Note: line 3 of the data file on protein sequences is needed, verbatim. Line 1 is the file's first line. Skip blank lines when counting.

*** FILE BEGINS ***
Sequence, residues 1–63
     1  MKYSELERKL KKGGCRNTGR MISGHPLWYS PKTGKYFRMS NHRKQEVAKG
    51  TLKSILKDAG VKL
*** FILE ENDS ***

    51  TLKSILKDAG VKL